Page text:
Tuesday, May 29, 2012

Red State Primary

     The Texas election--officially known as the Republican Primary--went down today.  A Democrat has not been elected to a statewide office since 1994, and 2012 doesn't look to buck that trend.  So, winning the Republican Primary is usually tantamount to winning the general election.  In time, demographics will overtake the GOP's hold--perhaps in 2018, but certainly by 2022.  But for now, the Republicans reign supreme.
     It hasn't always been that way.  When I first moved to my little town in 1977, you actually could not vote Republican at all.  If you wanted to vote in the GOP Primary, you had to drive 5 miles north to the next little town.  Eventually, Republicans were allowed to vote here.  I remember the first time--the respective local precinct chairmen eyed each other warily, like two prize-fighters, across the room they had to share in the old City Hall.  At that time, I started easing into voting GOP, in reaction to my disillusionment with the Carter administration.    By the mid 1990s, the situation had completely reversed, and Democratic voters were as scarce as hen's teeth.  The Republican Party was never a good fit for me, however, and I have long since reversed course--now doing penance for my sins committed in the voting booth during the Bush Administration.
     The county line runs through the south edge of our town, and we live on the wrong side of that boundary.  So, unless it is a city election, we have to drive 6 miles to a rural community south of here.  At different times, my wife, son and I all voted there today.  Political signs lined the street across from the Fellowship Hall of an old 1909 Methodist Church--the largest one for a GOP candidate setting out his 3-point platform:  God, Public Education and 2nd Amendment.  Voting here is always a lot of fun.  A new state statute requires random I.D. checks.  The lot fell to the lady in front of me, and the paperwork required to document their verification of her I.D. brought the voting to a complete halt, as the 3 poll worker-ladies tried to figure out what to do.  We are required to tell the first poll worker which ballot we want--Republican or Democratic.  When I requested the latter, she looked at me funny, and said something like "we haven't had many of those today."  And she was right.  At an hour before closing, I was only the 8th Democratic voter, the 5th and 7th being my wife and son.  When I got home, the three of us sat around and exchanged stories of our voting experiences.  The poll worker said much the same thing to my wife that she did to me.  But when my son asked for a Democratic ballot, she asked, "Are you sure?"  He then asked her if it was still legal to vote Democratic in this state.  Just for fun, we sat around together and watched a bit of the evening news.  The reporter interviewed a clean-cut young man who was voting for the first time.  He talked of the importance of what he was doing and how proud he was to "cast a vote for the Big Man upstairs."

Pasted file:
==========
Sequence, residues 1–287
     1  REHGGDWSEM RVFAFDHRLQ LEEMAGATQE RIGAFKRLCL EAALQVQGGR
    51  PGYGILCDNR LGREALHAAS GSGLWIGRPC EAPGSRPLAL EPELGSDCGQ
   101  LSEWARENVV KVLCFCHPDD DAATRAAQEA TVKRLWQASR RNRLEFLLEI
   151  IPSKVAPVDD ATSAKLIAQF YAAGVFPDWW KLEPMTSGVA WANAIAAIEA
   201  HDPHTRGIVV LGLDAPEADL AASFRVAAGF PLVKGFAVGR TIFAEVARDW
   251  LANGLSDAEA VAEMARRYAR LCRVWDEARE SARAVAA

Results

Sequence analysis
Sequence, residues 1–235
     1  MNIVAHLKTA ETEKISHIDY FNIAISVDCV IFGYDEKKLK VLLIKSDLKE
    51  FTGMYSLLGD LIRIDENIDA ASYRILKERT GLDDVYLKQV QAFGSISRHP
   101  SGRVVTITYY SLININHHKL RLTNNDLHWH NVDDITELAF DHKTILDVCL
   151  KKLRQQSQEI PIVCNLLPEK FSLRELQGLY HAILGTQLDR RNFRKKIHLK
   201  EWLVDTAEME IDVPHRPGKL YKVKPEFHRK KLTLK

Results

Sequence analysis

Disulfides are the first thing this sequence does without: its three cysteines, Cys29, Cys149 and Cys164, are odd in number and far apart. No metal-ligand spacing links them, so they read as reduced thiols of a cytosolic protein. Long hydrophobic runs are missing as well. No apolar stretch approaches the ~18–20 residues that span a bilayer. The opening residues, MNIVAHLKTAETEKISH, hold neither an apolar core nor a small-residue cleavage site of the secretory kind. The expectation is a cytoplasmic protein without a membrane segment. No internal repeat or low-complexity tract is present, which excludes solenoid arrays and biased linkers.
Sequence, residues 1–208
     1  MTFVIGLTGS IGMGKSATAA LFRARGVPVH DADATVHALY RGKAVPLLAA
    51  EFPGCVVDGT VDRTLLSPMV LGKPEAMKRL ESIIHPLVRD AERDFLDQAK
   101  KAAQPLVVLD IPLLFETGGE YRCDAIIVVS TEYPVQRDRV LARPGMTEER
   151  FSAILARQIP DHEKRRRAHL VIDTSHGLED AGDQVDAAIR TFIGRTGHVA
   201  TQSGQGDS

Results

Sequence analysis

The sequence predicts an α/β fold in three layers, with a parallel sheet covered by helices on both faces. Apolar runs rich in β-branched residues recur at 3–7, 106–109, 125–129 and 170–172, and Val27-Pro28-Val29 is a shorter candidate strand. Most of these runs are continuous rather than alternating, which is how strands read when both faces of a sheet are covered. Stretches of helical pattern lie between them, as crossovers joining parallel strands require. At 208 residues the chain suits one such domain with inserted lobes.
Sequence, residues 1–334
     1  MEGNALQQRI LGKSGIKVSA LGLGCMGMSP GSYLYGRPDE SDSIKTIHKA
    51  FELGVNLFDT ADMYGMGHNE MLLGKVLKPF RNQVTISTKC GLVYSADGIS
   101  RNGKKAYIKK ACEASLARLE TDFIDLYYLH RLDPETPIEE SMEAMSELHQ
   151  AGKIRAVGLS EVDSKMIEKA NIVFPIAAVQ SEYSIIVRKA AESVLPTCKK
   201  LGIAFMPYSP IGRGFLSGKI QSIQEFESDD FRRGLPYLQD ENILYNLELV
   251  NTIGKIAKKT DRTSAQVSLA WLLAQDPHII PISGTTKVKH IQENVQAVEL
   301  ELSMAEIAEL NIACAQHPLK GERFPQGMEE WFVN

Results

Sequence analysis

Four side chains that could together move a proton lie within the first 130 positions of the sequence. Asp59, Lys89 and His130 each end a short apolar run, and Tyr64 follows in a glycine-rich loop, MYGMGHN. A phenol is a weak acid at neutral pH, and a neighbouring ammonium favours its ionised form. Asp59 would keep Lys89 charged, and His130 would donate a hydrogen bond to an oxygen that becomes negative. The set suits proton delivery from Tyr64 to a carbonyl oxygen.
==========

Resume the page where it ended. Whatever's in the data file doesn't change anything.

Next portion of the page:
Lord Help Us.
    

4 comments:

Kirk said...

My younger daughters have instructed me to vote for Obama. "We know what he's doing," they said. "We don't know what the other guy is going to do."

Pretty smart kids.

123 said...

The fact that you have to ask for a D or R ballot just seems illegal, or it's at least contrary to what i was always taught about elections in the North. I once worked an election in MN and was warned in dire terms not to under any circumstances make comments for or against any candidate, party, issue, etc., not even a joke, as this could actually invalidate all the votes in the precinct were a complaint to be made.

Asking for a ballot and getting that sort of comment would seem to hearken back (how far?) to voting laws written to tilt elections in favor of one side or the other, e.g., for Democrats in the old days, for whites.

John said...

123,
I agree completely. There were people in front of me, people behind me, and the 3 poll workers in a clump in front of me. If I was concerned about keeping my party affiliation secret, I could not have done so. I suppose I could have pointed. The whole things was totally unprofessional. My wife wondered if her ballot even counted, as the woman had to get up and beat on the side of the machine that accepted our completed ballots. I felt like I voted in the Hooterville precinct.

Ken Peck said...

We moved to Texas in 1947. At that time, the Republicans didn't even have primaries. They held secretive conventions -- often in someone's garage at an odd hour. For much of my life election in the Democratic Primary meant election to office.

This time around, in early voting Republican and Democratic primaries and precincts were combined. I had to ask for a Democratic ballot. However, that was not the case in the actual primary day election. I was an election judge for a Democratic Primary (combined precincts). We had to turn away dozens of Republicans who showed up wanting to vote in the Republican Primary which was at a different location.

We did have one nut show up complaining that signs posted within the 100 foot electioneering boundary indicating that this was a Democratic Primary was "electioneering."